There was no Great Central Hotel in Manchester so all the commentators that have got that far explain that they must have exited at Central Station (now Manchester Central) and popped into the hotel next door, which Edmunds mistakenly called “the Great Central”.

Good call. Except that no train left London that week with a dining car arriving at Central Station in time for lunch. The only train they could have got was the one that left Euston at 8.30am.

Where did that train fetch up? London Road (now Piccadilly) Station which was – and this is crucial – the Great Central Railway’s Manchester headquarters, not Central Station.

The latter was called Central because it was central. Nothing to do with the Great Central Railway. In fact at London Road there was a prominent sign saying “Great Central Railway”.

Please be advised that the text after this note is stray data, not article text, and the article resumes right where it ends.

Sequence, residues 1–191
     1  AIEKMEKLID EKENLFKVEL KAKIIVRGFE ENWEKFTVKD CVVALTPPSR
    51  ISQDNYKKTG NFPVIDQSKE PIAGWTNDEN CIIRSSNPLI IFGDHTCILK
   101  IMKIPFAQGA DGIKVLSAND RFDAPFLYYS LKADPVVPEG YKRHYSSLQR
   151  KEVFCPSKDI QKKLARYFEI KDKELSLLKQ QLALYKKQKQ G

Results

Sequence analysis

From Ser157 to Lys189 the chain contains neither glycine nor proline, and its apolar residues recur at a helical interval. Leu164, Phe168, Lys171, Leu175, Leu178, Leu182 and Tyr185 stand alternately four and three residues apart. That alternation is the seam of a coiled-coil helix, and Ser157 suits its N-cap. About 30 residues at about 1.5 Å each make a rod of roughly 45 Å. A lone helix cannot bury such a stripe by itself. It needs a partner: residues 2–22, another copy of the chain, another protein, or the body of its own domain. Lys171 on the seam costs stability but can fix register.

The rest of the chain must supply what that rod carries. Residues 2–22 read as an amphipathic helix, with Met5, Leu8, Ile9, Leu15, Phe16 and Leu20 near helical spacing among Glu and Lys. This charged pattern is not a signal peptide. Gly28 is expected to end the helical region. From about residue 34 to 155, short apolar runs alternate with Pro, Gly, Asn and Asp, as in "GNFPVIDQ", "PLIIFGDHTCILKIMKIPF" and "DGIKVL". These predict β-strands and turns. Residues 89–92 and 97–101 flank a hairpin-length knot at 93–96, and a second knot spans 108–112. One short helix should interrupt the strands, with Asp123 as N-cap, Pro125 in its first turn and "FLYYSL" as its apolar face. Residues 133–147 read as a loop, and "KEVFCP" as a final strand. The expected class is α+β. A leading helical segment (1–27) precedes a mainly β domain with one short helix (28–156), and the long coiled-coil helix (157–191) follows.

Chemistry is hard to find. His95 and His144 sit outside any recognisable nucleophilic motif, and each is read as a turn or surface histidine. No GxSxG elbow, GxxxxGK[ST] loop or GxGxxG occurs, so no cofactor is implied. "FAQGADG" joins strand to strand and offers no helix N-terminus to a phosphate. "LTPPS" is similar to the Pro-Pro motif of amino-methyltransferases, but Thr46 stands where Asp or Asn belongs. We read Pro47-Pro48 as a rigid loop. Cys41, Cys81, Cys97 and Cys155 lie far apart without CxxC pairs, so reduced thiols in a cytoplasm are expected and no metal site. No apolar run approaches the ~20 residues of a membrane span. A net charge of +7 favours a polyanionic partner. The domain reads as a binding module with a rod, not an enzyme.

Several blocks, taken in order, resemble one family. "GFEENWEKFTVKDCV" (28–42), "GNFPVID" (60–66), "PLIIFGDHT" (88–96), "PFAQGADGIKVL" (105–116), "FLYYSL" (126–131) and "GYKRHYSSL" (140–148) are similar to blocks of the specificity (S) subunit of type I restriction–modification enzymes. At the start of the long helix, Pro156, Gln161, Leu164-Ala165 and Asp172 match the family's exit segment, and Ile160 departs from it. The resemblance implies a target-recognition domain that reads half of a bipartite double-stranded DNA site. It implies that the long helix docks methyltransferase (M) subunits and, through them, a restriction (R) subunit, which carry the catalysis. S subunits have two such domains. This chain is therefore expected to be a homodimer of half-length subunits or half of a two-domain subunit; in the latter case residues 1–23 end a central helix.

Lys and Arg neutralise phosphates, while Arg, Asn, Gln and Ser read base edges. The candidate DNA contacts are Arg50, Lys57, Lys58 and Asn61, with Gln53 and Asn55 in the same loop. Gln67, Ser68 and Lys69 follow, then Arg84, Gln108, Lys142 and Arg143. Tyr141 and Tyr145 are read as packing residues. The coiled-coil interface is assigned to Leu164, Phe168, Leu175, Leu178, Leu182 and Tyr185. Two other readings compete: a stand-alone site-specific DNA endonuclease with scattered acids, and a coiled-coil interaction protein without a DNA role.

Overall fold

So perhaps Edmunds and Rolls got a cab across town to the Midland Hotel? If that was the case, arriving at the carriageway at the front where cabs halted, why did Edmunds think it was the Great Central Hotel when it has always said “Midland Hotel”? And why in the first place would they have wasted at least half an hour travelling across town to the Midland in clogged traffic that was worse than today?

Sceptical, I consulted Kelly’s Post Office Directory for 1904. First I verified that under “Hotels” there was no Great Central Hotel.

Then I turned to the entries for the surrounding streets. Under “London Road” there was the usual Edwardian paraphernalia – tobacconist, blacksmith, draper, ostler, French polisher – then there was the entry for “London Road station”, an entrance from the street below the station, and right bang next door “the Great Central Refreshment Rooms”  – just the kind of smart, no nonsense place two hungry men, with no time to waste, might meet a third to do a bit of business.

Ed Glinert is the tour guide of New Manchester Walks’ highly entertaining and amusing tour of Manchester’s most famous hotel (with optional sumptuous refreshments) one Sunday a month and nearly every Monday lunchtime.